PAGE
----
For those who don't recall, Johnson was widely viewed as a bust early in his career while playing outside linebacker for the Chiefs, which ran a 4-3 defense. He has since improved his level of play while playing inside linebacker for the Chiefs' 3-4 alignment.

Should Curry get another chance elsewhere, don't be surprised if he, too, enjoys a career rejuvenation -- especially if he goes to a team that caters to his unique strengths (and hides his unfortunate weaknesses). 


Posted on: August 20, 2011 3:01 pm
 

Pryor dazzles 17 teams w/speed. Less so w/ arm?

Former Ohio State quarterback Terrelle Pryor proved both dazzling and perhaps a bit disappointing Saturday in hastily organized "Pro Day" workout at a Hempfield (Pa) high school in front of a collection of scouts, front office executives, Pittsburgh head coach Mike Tomlin and even Indianapolis Colts' owner Jim Irsay.

Former Ohio State head coach Jim Tressel was also on hand for the workout, showing his support for the player some blame for the program's recent troubles.

Measuring in at 6-5, 232 pounds Pryor wowed onlookers with his straight-line speed early in the workout, posting times between 4.38-4.41 seconds on a soft FieldTurf surface, according to Zac Jackson's Twitter feed. The soft turf generally slows a player down, at least in comparison to a hard turf or track surface. Therefore, these are lightning fast times for Pryor; ones certain to boost the intrigue of teams considering the playmaker.

As impressive as Pryor was running for the stopwatch, he did not run routes or catch passes as a receiver and was apparently less impressive when throwing the ball. While he threw a tight spiral on many of his throws, he also threw a "duck" after instructing one of his four receivers on hand which route to run and there were several incompletions, according to Jackson.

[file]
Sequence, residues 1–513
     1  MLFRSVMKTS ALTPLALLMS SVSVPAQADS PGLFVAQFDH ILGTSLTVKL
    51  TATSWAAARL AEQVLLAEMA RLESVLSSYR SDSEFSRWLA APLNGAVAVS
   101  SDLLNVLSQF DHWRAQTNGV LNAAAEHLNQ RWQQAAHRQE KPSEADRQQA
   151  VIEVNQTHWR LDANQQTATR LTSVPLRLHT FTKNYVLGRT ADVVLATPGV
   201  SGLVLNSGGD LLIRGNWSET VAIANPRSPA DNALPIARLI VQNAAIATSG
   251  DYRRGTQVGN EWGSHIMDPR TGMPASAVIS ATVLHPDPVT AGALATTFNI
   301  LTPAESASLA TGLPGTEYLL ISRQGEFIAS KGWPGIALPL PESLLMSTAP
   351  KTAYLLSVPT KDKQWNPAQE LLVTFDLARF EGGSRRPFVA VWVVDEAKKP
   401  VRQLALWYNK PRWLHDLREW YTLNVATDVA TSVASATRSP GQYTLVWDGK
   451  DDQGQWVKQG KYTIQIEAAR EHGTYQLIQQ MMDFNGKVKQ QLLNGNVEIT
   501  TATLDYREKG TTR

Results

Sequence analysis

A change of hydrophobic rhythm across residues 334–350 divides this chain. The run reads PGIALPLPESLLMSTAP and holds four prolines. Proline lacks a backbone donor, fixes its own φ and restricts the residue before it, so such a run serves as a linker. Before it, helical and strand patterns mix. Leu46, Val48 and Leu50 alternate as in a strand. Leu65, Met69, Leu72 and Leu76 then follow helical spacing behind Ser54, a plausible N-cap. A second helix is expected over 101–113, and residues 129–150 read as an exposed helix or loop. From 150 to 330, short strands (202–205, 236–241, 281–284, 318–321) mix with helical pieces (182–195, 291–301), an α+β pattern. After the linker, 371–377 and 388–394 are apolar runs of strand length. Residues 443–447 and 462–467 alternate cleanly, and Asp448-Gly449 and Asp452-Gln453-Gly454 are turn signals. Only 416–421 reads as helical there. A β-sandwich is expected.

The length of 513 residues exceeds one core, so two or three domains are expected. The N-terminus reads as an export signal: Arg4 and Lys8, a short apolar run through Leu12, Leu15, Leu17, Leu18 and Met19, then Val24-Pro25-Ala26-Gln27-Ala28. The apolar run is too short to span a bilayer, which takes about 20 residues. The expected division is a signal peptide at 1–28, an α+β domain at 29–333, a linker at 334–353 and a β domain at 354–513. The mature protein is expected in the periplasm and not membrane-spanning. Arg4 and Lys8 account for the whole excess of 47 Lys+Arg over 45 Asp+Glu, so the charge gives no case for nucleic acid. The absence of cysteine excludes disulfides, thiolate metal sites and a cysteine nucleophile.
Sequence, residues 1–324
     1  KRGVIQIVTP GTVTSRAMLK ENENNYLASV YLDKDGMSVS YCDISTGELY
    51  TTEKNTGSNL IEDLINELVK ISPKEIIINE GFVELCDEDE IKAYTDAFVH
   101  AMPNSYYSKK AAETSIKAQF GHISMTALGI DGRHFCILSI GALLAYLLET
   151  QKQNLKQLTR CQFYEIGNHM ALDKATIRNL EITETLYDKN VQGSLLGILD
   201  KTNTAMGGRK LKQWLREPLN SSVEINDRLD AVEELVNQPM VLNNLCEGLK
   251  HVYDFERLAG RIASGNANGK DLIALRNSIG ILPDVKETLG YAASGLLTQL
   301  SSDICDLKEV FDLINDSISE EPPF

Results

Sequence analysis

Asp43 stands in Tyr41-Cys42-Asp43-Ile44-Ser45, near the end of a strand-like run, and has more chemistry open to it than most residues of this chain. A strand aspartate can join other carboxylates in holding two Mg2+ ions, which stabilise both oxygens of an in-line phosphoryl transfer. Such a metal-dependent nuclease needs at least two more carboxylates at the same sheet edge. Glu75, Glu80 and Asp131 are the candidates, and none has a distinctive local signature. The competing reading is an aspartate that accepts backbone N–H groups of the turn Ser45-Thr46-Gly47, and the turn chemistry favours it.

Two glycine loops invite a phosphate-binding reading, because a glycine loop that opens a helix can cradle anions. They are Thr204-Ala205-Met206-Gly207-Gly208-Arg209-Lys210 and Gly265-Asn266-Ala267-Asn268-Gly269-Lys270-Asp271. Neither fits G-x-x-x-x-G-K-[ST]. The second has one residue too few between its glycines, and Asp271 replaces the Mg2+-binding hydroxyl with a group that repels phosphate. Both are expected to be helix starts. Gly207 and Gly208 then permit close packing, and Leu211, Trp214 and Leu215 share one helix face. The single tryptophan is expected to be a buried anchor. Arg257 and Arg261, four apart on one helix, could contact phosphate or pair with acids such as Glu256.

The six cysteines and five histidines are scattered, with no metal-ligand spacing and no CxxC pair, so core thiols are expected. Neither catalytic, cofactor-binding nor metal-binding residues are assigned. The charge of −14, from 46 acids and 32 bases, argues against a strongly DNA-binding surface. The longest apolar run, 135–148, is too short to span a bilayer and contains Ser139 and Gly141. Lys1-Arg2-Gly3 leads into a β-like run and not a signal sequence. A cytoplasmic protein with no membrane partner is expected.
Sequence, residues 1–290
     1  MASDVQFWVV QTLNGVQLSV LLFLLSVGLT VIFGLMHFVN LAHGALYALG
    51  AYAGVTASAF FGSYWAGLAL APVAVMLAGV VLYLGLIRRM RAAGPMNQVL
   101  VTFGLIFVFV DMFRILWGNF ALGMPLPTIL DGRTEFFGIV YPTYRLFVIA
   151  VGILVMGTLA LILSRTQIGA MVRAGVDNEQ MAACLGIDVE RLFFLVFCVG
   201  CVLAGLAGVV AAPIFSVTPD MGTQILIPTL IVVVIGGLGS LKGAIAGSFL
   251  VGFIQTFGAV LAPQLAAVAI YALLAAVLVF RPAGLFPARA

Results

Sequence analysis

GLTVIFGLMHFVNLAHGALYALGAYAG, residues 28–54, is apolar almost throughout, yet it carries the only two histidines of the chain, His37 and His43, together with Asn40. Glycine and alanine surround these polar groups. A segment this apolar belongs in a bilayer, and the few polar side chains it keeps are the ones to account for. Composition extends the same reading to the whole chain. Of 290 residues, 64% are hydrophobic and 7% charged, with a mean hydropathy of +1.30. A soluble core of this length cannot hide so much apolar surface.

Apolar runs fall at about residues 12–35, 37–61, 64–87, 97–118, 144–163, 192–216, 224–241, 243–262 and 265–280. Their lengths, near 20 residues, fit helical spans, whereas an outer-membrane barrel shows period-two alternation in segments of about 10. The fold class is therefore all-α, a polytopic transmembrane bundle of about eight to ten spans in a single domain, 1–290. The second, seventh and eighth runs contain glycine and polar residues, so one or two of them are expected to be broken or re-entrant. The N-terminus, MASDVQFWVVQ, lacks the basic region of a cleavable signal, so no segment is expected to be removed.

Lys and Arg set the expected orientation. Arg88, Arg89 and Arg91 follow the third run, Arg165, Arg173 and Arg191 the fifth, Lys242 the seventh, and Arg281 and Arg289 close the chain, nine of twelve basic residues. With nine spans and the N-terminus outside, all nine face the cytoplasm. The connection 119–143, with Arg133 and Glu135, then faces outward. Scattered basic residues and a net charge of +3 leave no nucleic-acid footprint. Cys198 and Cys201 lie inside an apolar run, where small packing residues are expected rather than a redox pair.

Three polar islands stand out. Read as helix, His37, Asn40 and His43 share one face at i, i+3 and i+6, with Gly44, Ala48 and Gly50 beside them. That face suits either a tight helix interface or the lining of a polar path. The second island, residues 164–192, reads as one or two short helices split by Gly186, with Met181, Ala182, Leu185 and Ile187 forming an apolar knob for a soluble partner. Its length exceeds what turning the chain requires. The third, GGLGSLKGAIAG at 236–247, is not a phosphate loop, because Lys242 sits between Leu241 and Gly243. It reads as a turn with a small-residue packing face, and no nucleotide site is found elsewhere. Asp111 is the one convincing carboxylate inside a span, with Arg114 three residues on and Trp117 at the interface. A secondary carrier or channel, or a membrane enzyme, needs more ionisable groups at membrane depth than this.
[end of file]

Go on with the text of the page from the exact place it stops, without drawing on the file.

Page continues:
According to The NFL Network's Albert Breer, Pryor completed 27 of 39 passes. Of the 12 incompletions, Breer counted four drops.

Having not been at Pryor's workout, myself, I can't fairly grade his performance during the throwing session. I have been to multiple Pro Day workouts from quarterbacks, most notably Sam Bradford's, Mark Sanchez's and Jake Locker's. Passes rarely hit the ground during these orchestrated workouts with no defenders.

There were 17 teams present at the workout: Buffalo, Cincinnati, Cleveland, Dallas, Detroit, Indianapolis, Kansas City, Miami, New England, New Orleans, Oakland, Philadelphia, Pittsburgh, San Diego, San Francisco, Tampa Bay and Washington.

While the fact that more than half of the league's teams were represented at the Pro Day shows that there is a great deal of interest in the former Buckeye, it also should be noted that there were only a few decision-makers on hand. Most of the scouts in attendance were lower-level area scouts, likely close by due to their normal scouting responsibilities at local colleges during the late summer months. The Steelers, not surprisingly given their close proximity, were well represented. Besides Tomlin, Director of Football Operations Kevin Colbert was also reportedly at the workout. Irsay tweeted that his Colts are "not taking Pryor" though he also mentioned that his team is "evaluating the QB [situation]."

The workout, while exciting, isn't likely to change the opinions of teams heading towards Monday's supplemental draft. I've argued for a long time that Pryor is quite an intriguing prospect at wide receiver. He, however, has indicated a strong preference for remaining at quarterback, though he did tell teams and the assembled media at the workout today that he'd play any position asked.

As a quarterback, Pryor's average accuracy and decision-making means that he's at minimum a two-year project for playing the traditional quarterback role. He could, however, make a significant and exciting contribution early in his career as a glorified Wildcat option for a club.

His athleticism and size are such a unique combination that Pryor most likely will earn a middle to late round pick. Most expect that it will come in the 4th to 5th round.
 
 
 
 
The views expressed in this blog are solely those of the author and do not reflect the views of CBS Sports or CBSSports.com